While Kamara won Offensive Rookie of the Year, all Hunt did in taking over for the injured Spencer Ware was win a rushing title. The No. 86 overall pick finished with 1,327 rushing yards on 272 attempts and turned his 53 receptions into 455 yards, scoring 11 total touchdowns. After fumbling on the first touch of his career, Hunt didn’t fumble again. You could make a case that Hunt was the more productive player last season.
In a way, Hunt already regressed back toward the mean during the 2018 season. During the first month of the season, Hunt racked up four plays of 50 yards or more, three that went for scores. No running back had produced four 50-plus yard plays over an entire season since Adrian Peterson in 2012. It was pretty clear Hunt wasn’t going to be able to keep that pace up, no matter how impressive the rookie had looked in his debut campaign.
Indeed, Hunt’s longest play after Week 4 was for 35 yards, one of his two touches to top 30. After averaging 7.4 yards per rush and 12.1 yards per catch over the first month of the season, he racked up 4.0 yards per run and generated 7.5 yards per catch afterward, which were 24th and 21st among running backs, respectively. Hunt was a viable MVP candidate through four weeks … and just a guy afterward.
Hunt’s efficiency should lie somewhere between those two poles in 2018. Even top-tier running backs usually rack up no more than two 50-plus yard plays in a single season, so the safe projection for Hunt would be one huge gainer. The arrival of Patrick Mahomes makes everything about the Chiefs less certain, but I have another concern about Hunt that might reduce his ceiling: The Chiefs get to play with only one ball at a time.
I wrote that the Chiefs have the league’s top set of weapons for Mahomes, and they’re all going to have to get the football. Travis Kelce’s target total has grown each season — from 87 to 103 to 117 to 122. Tyreek Hill had 105 targets in his second season. The Chiefs are replacing Albert Wilson in the lineup with Sammy Watkins, and I strongly suspect that they’re not paying Watkins $16 million per season with the expectation of throwing him 62 targets, as Wilson got a year ago. Ware is also back from injury and should demand more of the workload than Charcandrick West (45 touches) did a year ago.
The 23-year-old Hunt touched the ball 325 times as a rookie. Andy Reid has worked with some talented running backs in his 19 years as a head coach, but that’s the fourth-highest total for any back under Reid, behind Brian Westbrook (368 touches in 2007), Duce Staley (366 touches in 1999) and Jamaal Charles (329 touches in 2013). Staley and Westbrook got back above 300 one more time, but Reid doesn’t tend to overwork his running backs. A healthy Hunt is probably looking at something between 275 and 300 touches in his sophomore campaign with a downtick in overall rushing efficiency.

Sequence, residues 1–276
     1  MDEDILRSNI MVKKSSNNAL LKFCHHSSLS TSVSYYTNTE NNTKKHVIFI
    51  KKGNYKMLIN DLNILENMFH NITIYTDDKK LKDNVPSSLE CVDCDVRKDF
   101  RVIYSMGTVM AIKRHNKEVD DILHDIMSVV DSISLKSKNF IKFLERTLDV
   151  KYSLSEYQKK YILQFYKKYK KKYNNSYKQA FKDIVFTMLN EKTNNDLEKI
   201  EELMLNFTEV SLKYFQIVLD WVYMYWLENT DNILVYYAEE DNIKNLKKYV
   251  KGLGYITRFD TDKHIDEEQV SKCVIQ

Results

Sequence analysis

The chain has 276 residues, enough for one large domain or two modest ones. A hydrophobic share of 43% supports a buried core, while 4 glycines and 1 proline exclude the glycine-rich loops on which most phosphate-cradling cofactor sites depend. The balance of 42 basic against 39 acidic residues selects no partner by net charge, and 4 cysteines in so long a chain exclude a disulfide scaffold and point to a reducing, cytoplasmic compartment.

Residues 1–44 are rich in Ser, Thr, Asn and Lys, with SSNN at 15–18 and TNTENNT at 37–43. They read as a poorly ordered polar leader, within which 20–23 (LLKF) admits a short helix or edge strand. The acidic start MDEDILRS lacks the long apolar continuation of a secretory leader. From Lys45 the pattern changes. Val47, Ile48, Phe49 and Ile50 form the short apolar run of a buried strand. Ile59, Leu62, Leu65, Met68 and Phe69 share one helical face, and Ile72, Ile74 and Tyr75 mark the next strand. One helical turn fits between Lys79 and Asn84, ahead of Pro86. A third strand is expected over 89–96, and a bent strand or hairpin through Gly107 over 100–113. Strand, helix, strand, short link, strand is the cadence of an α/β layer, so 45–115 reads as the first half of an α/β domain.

While Lawrence’s 14.5-sack season might seem like it came out of nowhere, it’s not as much of a shock when you remember that the 2014 second-rounder racked up eight sacks during the 2015 campaign. The season after was a loss, with Lawrence starting the year suspended and finishing with a back injury — he had only one sack while playing 31.1 percent of Dallas’ defensive snaps.
In the past, I’ve found that one useful measure in predicting sack totals is to use a defensive lineman’s quarterback knockdowns (or hits) from the previous season. Typically, a pass-rusher will turn about 45 percent of their hits into sacks in a given year. Players who post a high sack total with few hits tend to decline, as was the case with Vic Beasley Jr. a year ago. Beasley had 15.5 sacks on 16 hits; last season, while he still managed to somehow turn 100 percent of his knockdowns into sacks, he took down the quarterback only five times.
The good news for Lawrence is that his sack total is in line with his hits, given that the Cowboys star racked up 26 hits last season. Using the 45 percent measure, we would estimate that Lawrence should have racked up about 11.7 sacks last season. It’s not quite 14.5 sacks, but it’s close enough that Lawrence’s double-digit sack production seems legitimate. It would not be a surprise to see him top 10 sacks again in 2018.
One way he should drop off, though, is in sack yardage. Lawrence’s 14.5 sacks generated 160 lost yards, the highest total in the league since Jason Taylor made it to 162.5 yards in 2002. There were 16 sacks in the NFL of 15 yards or more last season, and Lawrence had three of them, including the longest takedown of 2017, when Lawrence sacked Russell Wilson for 22 yards. Lawrence should be productive, but he won’t hit 160 yards again.
No team has invested more in its defensive line over the past several seasons than the Jaguars, but their decision to draft Ngakoue in the third round of the 2016 draft has delivered the most bang for its buck. The Maryland product quickly passed Dante Fowler as a rookie and racked up eight sacks before bumping that total to 12 last season. Ngakoue benefits from playing alongside great teammates, of course, but he’s a legit pass-rusher.
He also has developed a deserved reputation for both bringing down the quarterback and taking the football with him. He racked up four forced fumbles on eight sacks as a rookie, then generated a league-high six on those 12 sacks as a sophomore. After some complicated division, I’ve found that he turns about 50 percent of his sacks into forced fumbles, which is an impressive feat.
Can he keep that up? While Ngakoue has been a strip machine in his first two seasons, history says forced fumbles are too erratic to keep up that rate. Since 2006, 13 other players besides Ngakoue have racked up 10 or more sacks in a season while turning more than half of their sacks into forced fumbles. In their fumble-heavy season, our sack masters produced forced fumbles on more than 57 percent of their sacks.